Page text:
Let me be honest here. This is a recipe I have made time and time again, with the intention of sharing it here on Baking with Granny. But every time I make some Tattie Scones I face the same issue… I eat them all before I get a chance to photograph them!
Let me be honest again. The only reason these ones actually got photographed was because Granny was present and apparently has more self control than me!
And for those readers who aren’t fluent in Scottish dialect and have never heard of a Tattie Scone, let me explain…
The word “tattie”, translated to English is “potato”, so you might hear these also being called Potato Scones. These are a type of gridle scone that is made using potatoes (aka. tatties) and are generally served alongside sausages, bacon, eggs, black pudding and tomatoes, as part of cooked breakfast (aka. a “fry-up”).
You will find them in any Scottish supermarket, in the bread aisle, usually a half-circle shape but sometimes in little individual circles too. The shop-bought ones are what we all know and love. Dense, potato-y, with a bit of a chew to them; ready to be fried in the pan, alongside your other breakfast items, soaking up their flavours too.
There are some folk who enjoy a Tattie Scone in a morning roll with their meat/eggs and sauce but who am I to judge?!
However once you make a batch of these fresh and from scratch, you’ll enter a whole new world of Tattie Scone enjoyment – hot from the pan, smothered in butter… No fry-up even necessary to enjoy them! That’s because home made is most definitely the best when it comes to a Tattie Scone.
Oh, and did I mention they are super easy to make?
For the perfect Tattie Scones you need a good floury potato – waxy potatoes have no place in this recipe. You can of course use left over mashed potato too, just be sure to adjust your seasoning if you have already seasoned your mash potatoes.
When it comes to flour, plain will suffice if it’s all you have but self-raising is preferable, as it will give your potato scones a little left as they cook. We’re not looking for cake-like Tattie Scones, just a little rise as the heat goes through them, otherwise they may be a little dense in terms of texture.
And be prepared with a little extra flour close to hand. Much like when it comes to making Macaroons, every potato is different, so the water content from one bag of potatoes to the next can vary; so sometimes a little more/less flour is required.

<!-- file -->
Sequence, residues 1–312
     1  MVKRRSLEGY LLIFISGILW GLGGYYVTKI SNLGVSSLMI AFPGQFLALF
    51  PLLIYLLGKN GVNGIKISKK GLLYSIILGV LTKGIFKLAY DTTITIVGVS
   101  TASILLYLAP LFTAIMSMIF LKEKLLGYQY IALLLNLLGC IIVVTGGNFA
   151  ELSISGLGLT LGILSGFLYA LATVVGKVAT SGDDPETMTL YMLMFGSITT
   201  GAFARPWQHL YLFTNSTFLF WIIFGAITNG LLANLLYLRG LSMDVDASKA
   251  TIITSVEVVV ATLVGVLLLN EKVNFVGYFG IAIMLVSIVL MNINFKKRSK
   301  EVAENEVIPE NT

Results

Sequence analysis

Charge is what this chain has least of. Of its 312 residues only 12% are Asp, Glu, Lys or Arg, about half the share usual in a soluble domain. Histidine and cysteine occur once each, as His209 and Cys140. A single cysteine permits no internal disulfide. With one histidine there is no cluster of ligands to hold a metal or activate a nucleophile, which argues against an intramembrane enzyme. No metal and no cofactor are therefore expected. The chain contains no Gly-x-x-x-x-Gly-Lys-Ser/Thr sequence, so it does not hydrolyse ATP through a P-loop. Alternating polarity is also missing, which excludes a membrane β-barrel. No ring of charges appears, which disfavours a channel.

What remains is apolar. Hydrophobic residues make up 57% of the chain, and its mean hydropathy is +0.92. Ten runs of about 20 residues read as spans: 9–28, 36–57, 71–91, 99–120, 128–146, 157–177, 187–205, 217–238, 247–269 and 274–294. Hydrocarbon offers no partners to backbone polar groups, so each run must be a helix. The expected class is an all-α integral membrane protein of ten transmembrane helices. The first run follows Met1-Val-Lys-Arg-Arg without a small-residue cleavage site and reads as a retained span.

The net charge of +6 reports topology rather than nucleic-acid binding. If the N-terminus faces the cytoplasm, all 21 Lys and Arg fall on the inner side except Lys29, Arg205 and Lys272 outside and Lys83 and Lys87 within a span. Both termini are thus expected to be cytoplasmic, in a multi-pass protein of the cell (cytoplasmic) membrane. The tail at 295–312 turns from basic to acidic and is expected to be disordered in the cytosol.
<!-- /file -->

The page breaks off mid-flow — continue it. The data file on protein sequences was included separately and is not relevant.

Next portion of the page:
Butter or Margarine
It’s personal preference but I opt for margarine as to omit any dairy from this recipe. Again, just watch your seasoning if you are using a butter/margarine that is salted.
Not the most traditional but so, so tasty! Once you add some finely grated cheese to your tattie scones, you won’t go back. Cheese tattie scones, with a generous helping of butter, equals top tier snacking!
- 500 g Potatoes
- 25 g Butter or Margarine
- 125 g Self-raising Flour
- Peel your potatoes and cut into even sized halves/quarters. Place in a pan with enough cold water to cover and bring to the boil. Boil gently for 15 to 20 minutes or until potatoes break apart easily when pierced with fork.
- Remove the pan from the heat and drain the water. Allow your potatoes to air dry for a few minutes before mashing them with a potato masher. Add the butter/margarine and mash through the potatoes. Season with salt and pepper, to taste.
- Transfer the potatoes to a large bowl. Add the flour to the bowl and using a wooden spoon, mix the flour through to potatoes to create a dough. You may need more/less flour depending on how moist your potatoes are.
- Once you have a dough-like consistency, tip your potato mixture onto a well floured surface and gently knead it briefly, before dividing the dough into 3 even sized balls.
- Warm a non-stick frying pan over a medium-high heat (with no oil/butter). Roll your first ball into a circle about 20cm diameter and 5mm thickness, using lots of flour on your surface and rolling pin so they don't stick. Using your rolling pin or a large spatula, transfer the potato circle to your hot [dry] frying pan. Score the top of the circle with two lines evenly down the middle, two create 4 triangular shapes.(Alternatively, cut the circle into the 4 triangles before transferring to the frying pan, if you find moving the circle to be too tricky).
- Allow the potato scones to cook, checking the underside every few minutes. Once the underside has a good colour to it, flip the potato scones to cook the other side too. It is usually easier to divide the potato scones into it's triangles at this point, if you haven't already..
- Once our potato scones have a good colour on both side, remove from the heat and place on a wire rack to cool completely. Repeat with your remaining potato balls.
- Enjoy warm with a slathering of butter, alongside your cooked breakfast, or in a roll with some sausages/bacon and sauce!
Free-from & Vegan
Gluten-free: You can make this recipe gluten-free by swapping out the flour for a gluten-free flour but some experimenting will be required in regards to quantities, as different flours will absorb the moisture from the potatoes in different ways.
Vegan: To make this recipe vegan just use a dairy-free/vegan margarine.